Seems like I just got off a plane from this summer’s Boston Enterprise 2.0 Conference. But here we are again — the Santa Clara edition of Enterprise 2.0 is around the corner, from the 14th — 17th of November. The event has a good keynote line up that includes the likes of Sandy Carter of IBM, Rachel Happe, Founder of The Community Roundtable, Don Tapscott of Macrowikinomics fame, Aaron Levie of Box, Tim Young of VMware, and others. Some of these folks I know well and others I’ve read often. Expect a range of perspectives on social and collaborative approaches to working effectively.
The tracks represent the big issues facing organizations today and in the very near future: People Culture and Communications (HR), Sales and Marketing, Social Apps and Platforms, Architecture, SharePoint Strategies, Mobile, Video and UC, Risk and Governance, and Internal/External Communities.
In the summer, I keynoted the Boston event on the topic of “Putting back the R in CRM“. This time, we have an entire track on the topic of sales and marketing that I am privileged to chair. And so I wanted to introduce the track and speaker line up, and more importantly, showcase the real progress we have made as an industry towards delivering meaningful business outcomes.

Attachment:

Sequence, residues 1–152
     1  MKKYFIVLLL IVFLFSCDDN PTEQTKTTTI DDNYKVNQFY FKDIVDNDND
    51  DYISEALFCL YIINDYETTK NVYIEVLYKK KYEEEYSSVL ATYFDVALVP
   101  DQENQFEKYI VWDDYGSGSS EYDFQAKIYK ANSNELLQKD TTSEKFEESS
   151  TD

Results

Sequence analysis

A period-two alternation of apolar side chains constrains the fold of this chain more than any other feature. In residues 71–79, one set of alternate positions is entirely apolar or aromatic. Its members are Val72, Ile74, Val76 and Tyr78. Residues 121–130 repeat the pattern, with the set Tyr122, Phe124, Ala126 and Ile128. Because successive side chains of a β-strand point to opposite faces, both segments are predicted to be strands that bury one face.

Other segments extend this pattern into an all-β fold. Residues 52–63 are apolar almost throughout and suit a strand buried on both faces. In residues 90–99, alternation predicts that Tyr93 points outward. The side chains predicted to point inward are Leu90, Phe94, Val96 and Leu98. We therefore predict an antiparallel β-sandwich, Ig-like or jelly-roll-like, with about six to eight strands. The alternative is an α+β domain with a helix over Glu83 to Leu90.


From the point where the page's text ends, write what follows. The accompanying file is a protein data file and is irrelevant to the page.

We kick off with Social Channels Engagement, Integration and Response. Increasingly, the customer doesn’t really care which twitter handle is your official support or marketing channel or where the appropriate place on Facebook is to engage with you. This puts serious strain on organizations that have traditionally broken out functions by sales, marketing, support and the like. Social Channels require that we rethink how we engage and route the right discussions to people with the best answers – be those in traditional customer touch point roles or experts hidden inside organizations in product development, or design, or even the extended supply chain. As important, we still need to have a process and the needed technology to move social media discussions into traditional process that’s often powered by CRM, Call Center or other programs and applications. We have a panel of experienced practitioners from well known organizations that are tackling this problem day in and day out: Peter Simonsen, Sr. Director, Web & Community, QlikTech International AB, Daniel Zucker, Social Media Manager, Autodesk and Franck Ardourel, Sr. Director, Online Marketing, 24 Hour Fitness. Each of them offers deep expertise in not only shielding the prospect or customer from silo’d organization designs but have also been instrumental in helping re-cast how organizations rally around customer needs in the 21st century. John Ragsdale will be moderating this session.